The TwoDimensional Hemocoel

We characterize our two-dimensional hemocoel in different ways. If it contains many randomly moving molecules engaged in Brownian motion, we might imagine our 'random walkers' to traverse fractal landscapes. We understand something of fractal elastic properties as well as phase transitions occurring on fractal structures, but we know very little of why fractals form in the first place. We don't even know which aspects of the evolution of a dynamical system give rise to fractals (Ref: Fractal Difficulties).

As hemolymph disperses over irregular surfaces, at the micro-scale we might see shallow pools around higher, dryer islands. Or our simple picture of diffusion as a sequence of random steps changes if our hemolymph resides in and percolates through a porous medium having a 'porosity' less than one. Under these conditions, our random walkers, now obstructed by 'islands' or pores, cannot occupy all positions of space. If the porous matrix is homogenous and isotropic, an effective diffusion coefficient involves a formation factor that now is no longer purely geometric, like the porosity, but has become a transport coefficient (Ref: Percolation, Chapter 8).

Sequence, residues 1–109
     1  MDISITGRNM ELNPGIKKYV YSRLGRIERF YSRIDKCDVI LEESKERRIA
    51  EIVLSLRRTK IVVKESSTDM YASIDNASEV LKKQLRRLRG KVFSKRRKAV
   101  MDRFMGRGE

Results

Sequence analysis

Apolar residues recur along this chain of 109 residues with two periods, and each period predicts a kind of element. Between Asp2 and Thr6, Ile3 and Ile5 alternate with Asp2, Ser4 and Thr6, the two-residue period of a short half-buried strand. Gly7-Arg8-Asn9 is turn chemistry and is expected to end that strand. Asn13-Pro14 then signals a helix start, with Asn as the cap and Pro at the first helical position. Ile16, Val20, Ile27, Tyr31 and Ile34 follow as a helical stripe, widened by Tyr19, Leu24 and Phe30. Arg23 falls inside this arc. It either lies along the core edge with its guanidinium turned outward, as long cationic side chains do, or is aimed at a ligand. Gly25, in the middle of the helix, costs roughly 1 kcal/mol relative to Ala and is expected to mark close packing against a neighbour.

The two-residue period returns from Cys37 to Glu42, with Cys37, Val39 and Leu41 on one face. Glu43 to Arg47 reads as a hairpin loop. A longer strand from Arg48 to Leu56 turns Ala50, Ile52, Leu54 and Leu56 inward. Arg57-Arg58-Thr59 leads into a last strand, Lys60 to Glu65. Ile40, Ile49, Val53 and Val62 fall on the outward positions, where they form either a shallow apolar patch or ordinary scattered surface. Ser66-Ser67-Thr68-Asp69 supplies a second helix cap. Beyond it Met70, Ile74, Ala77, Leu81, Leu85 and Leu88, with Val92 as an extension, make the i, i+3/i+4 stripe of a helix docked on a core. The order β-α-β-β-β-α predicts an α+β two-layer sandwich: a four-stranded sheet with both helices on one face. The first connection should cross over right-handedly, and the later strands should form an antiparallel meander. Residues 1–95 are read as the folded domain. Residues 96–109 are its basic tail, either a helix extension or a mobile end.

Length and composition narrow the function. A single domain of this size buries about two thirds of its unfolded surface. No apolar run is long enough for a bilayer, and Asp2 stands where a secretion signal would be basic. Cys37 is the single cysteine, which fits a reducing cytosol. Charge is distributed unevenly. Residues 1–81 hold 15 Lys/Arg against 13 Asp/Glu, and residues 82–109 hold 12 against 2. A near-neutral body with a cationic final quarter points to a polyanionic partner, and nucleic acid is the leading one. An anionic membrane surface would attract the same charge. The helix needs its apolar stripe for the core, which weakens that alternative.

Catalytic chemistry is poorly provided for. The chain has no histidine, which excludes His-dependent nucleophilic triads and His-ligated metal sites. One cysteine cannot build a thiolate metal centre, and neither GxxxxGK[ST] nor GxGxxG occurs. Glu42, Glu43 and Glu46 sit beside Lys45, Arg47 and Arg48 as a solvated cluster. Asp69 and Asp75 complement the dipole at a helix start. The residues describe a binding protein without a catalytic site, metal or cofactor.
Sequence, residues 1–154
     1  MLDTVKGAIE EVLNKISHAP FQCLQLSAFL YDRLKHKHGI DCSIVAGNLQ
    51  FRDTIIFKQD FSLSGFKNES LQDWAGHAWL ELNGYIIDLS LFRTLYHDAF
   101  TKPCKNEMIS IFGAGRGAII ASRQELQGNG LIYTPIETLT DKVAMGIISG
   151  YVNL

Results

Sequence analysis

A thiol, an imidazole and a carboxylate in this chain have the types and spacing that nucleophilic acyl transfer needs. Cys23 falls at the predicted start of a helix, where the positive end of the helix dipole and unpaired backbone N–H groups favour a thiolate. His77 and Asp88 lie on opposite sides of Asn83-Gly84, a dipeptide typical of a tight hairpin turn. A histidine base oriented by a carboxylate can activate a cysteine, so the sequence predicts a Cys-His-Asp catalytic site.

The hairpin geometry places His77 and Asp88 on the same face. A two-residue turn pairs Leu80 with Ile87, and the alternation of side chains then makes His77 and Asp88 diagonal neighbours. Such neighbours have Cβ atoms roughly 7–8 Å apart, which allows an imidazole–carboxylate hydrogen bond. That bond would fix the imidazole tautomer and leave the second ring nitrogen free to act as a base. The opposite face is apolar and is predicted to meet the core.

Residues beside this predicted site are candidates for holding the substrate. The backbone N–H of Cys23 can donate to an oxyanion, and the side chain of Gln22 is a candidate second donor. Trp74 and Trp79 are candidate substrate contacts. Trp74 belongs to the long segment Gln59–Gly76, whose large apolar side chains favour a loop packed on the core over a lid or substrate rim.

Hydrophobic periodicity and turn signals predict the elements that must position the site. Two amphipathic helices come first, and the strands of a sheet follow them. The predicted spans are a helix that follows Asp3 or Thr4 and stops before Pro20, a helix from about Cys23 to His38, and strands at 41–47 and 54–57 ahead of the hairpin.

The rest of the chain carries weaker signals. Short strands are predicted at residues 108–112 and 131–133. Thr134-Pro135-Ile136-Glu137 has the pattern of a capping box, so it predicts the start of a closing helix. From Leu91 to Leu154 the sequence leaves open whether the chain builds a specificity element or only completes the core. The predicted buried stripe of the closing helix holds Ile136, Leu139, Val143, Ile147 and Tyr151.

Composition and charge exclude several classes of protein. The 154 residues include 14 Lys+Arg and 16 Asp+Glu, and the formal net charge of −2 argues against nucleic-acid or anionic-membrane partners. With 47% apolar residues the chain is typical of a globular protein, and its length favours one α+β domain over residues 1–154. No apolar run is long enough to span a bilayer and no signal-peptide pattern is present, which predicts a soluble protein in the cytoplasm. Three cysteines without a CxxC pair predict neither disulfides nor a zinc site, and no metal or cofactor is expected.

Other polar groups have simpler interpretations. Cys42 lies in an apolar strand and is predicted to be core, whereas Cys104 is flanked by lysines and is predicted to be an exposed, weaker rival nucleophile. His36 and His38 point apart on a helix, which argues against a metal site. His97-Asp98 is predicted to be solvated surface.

On free surfaces in some systems, gradients in surface tension drive convection depending on the Marangoni number, an equation relating the fluid density, its kinematic viscosity, the interfacial energy per unit area of surface or the surface tension and a characteristic measure of the size of the container, which in our case might be a hemocoel (Ref: Meakin, 1998).

We shall continue this discussion after again considering the three-dimensional hemocoel of Deuterostomes.

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